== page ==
David Popa

David Popa
Age 24
Muralist, born in New York, currently living in Helsinki
www.davidpopaart.com

Helsinki:
“Long story short, three summers ago I had an opportunity to come to Helsinki. I’d never been anywhere within the Northern countries so I thought it would be fun to just come over and see the city. And so I did. While I was here I did some construction work as well as paint many of the free walls of Helsinki. I also spent a lot of time with this Finnish family I stayed with. They have two daughters, another one is married to my friend’s brother and the other one I got to know really well during that summer. During that stay I was painting and hanging out with that Helsinki girl. During that time we hit it off really well and decided that she should come over to visit me in New York City later in the summer. She did, and we started dating shortly after that time. Now I have been living in Helsinki for over a year and a half, and this past year we got married. So I’ll probably be staying indefinitely in Helsinki.

Free Walls:
“When I came here, the first morning I woke up there was a newspaper article on the table of my host family. It was mentioning all of these free walls in the Helsinki area and also a few spots in Espoo. I freaked out! I was like what! We don’t have this many free walls in New York. There were about eight spots in this newspaper article. The next three weeks I was holding on to this cut out article, scribbled and wrinkled from all my notes and experiences at each wall. It felt like a turning point for me as a muralist, as I experienced painting each wall like conquering another hurdle. I attempted to paint every single one and got rather close in those three weeks time. It was such a memorable and artistically fresh experience to leave your mark in so many locations as well as do pieces simply based on the people and experiences I was having in Helsinki during the three weeks I stayed.”

Papa Was a Graffiti Writer:
“My father, Albert Popa, was born in Romania but moved very early to US. During that time, the early 80’s graffiti was just starting. But that was happening in New York City that the kids around 13, 14, 15 and 16 were jumping in train yards and painting the trains. Which was happening also in Helsinki actually. My dad was essentially one of the first graffiti writers in New York City and was writing with some of the top graffiti writers. He did that a lot maybe for two years but then he stopped all the sudden due to the fact that it started to be kind of a dangerous thing. There were dogs in the train yards and through a crazy series of events, he was actually stabbed in the heart with a screwdriver in a fight and he almost died. Through all that he felt that graffiti was detrimental to him and he just turned a complete 180 degrees angle and did fine arts and fell in with love Michelangelo, Raphael, Da Vinci and Rubens and all of these painters you’d see in the museums.”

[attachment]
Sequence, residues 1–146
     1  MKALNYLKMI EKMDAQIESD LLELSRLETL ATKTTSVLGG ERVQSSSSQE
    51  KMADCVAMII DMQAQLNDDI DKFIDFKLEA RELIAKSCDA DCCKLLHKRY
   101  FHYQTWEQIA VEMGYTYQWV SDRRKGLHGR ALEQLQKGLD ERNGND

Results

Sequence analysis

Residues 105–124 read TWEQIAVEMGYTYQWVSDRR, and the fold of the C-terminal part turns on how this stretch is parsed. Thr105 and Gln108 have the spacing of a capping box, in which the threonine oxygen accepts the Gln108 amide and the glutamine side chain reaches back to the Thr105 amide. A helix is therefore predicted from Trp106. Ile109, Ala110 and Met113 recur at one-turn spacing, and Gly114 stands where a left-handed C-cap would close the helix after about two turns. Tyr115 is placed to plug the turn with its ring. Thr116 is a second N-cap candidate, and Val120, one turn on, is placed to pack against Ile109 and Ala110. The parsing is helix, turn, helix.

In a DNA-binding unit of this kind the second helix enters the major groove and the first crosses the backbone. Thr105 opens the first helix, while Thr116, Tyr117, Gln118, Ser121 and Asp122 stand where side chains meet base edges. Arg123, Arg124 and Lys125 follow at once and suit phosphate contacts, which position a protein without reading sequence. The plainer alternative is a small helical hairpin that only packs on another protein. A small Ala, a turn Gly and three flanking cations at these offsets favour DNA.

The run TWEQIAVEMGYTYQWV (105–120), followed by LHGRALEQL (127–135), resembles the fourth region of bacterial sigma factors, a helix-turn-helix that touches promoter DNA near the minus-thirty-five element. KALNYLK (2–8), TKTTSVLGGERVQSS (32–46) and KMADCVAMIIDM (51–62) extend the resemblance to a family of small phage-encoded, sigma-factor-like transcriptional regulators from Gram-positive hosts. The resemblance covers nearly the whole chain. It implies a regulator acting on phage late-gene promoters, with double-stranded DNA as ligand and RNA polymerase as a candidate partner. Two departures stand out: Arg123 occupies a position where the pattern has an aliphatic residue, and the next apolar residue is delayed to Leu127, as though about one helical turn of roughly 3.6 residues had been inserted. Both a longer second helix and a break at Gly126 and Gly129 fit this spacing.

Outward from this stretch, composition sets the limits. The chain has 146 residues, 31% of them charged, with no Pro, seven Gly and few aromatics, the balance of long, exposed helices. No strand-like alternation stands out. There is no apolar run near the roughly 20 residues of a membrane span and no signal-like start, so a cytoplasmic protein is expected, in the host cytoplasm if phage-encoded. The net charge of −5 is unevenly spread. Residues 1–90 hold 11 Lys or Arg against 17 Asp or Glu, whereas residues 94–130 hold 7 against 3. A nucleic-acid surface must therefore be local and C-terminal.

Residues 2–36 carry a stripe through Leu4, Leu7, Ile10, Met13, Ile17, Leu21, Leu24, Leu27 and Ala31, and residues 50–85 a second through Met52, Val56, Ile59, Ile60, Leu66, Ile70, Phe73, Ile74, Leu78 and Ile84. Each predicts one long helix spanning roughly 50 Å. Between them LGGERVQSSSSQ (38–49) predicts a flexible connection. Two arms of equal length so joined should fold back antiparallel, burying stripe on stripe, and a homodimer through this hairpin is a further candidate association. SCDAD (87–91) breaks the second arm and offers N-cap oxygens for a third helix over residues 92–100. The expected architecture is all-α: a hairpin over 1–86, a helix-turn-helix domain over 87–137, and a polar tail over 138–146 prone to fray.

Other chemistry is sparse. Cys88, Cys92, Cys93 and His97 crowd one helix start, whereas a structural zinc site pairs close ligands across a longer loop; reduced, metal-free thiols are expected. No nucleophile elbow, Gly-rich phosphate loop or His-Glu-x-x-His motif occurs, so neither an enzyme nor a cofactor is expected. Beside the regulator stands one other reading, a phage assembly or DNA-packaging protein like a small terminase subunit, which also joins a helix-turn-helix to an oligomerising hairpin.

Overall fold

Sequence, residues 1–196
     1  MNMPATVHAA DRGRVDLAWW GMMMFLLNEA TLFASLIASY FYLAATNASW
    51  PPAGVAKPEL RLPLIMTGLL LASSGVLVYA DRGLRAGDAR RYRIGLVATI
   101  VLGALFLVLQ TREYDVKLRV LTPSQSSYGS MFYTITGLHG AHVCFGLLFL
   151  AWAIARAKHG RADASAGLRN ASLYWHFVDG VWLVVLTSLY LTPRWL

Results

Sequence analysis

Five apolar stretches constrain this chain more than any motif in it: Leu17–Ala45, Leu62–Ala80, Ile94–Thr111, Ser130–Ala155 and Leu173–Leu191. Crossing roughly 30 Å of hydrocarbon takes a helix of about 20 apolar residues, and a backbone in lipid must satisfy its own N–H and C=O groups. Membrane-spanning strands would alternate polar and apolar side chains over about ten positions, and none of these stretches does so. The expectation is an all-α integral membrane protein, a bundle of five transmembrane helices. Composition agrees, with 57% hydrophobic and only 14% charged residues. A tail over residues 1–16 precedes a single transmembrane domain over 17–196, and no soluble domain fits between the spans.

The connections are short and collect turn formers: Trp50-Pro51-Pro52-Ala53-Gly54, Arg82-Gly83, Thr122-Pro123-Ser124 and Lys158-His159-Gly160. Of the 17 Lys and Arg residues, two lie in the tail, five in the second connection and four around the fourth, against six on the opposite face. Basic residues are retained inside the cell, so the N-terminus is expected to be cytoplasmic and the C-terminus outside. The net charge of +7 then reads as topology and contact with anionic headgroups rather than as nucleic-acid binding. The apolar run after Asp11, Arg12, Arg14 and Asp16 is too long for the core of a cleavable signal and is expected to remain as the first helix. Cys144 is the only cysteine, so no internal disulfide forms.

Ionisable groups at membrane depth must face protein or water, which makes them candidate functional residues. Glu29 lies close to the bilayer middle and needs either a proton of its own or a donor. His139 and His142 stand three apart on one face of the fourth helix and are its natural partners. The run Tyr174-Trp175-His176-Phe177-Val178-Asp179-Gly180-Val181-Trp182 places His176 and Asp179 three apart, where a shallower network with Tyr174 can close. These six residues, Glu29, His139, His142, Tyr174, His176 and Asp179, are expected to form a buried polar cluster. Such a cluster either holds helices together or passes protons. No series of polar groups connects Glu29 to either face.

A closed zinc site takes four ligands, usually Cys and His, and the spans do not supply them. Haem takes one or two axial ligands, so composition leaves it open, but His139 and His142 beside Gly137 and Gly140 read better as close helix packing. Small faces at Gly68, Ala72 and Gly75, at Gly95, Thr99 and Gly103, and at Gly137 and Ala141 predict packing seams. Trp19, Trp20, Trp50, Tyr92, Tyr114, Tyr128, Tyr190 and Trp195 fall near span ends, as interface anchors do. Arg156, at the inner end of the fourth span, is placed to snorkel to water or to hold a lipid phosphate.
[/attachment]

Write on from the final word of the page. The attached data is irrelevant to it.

How It All Started:
“As a young kid, these images of my father’s paintings on the streets and trains was hidden in a closet and he rarely took them out for me to see. However, the walls of my NYC apartment were covered with his most current work. This kind of exposure, along with bringing me to the museum and teaching me the methods of the old masters, brought my skills to the surface at a very young age. Later on in High School and College I kept pursuing the arts but started to feel a disconnect between the audience and the art that I was experiencing around me in galleries and museums. Due to a series of events I started going to one of the only free walls in the Boston area, where I went to College and started painting large murals there and completely fell in love with it. The concept of going out one day and painting a piece and then having people of the neighbourhood watch, talk and engage with it, brought a fulfillment to the work I was producing.”

About My Style:
“My style – honestly it varies – but if I would categorize my style, it’s contemporary figurative painting, or simply put ‘painting people in a modern way’. I have always painted figures and portraits since my father started teaching me, which are now sometimes considered photorealistic in nature but other times can be more loose in style. In terms of my “title” as an artist I would consider myself as a fine-artist/muralist, but to the public audience the title “street artist” is much easier to understand and is currently seen as quite trendy. I don’t blame people for getting confused about the difference between graffiti, street art, murals and fine art, because honestly I didn’t know what to label myself as for a long time. Even though I do large murals on the streets I do very little actual ”street art”.  Street art from its origin, is really these quick images like wheat pasting or stencils. Banksy does those stencils and he’s sort of the one who paved the way for street art to be popular.”

Street Art Scene in Helsinki:
“To be honest, I don’t think there is much street art/murals in Helsinki, in my point of view. If there is, it’s done by organizations like UPEA and Helsinki Urban Art. They’re inviting lot of international artist. But if there is, well, I’m happy to be part of it. I think it’s definitely growing and I’m really excited to see the development that it’s been through. I would hopefully love to be one of the upcoming artists in Helsinki doing some cool stuff.”

The map shows you David’s Corners. Click on a place to read what David has to say about it.


Text: Karoliina Saarnikko
Photos: Miikka Pirinen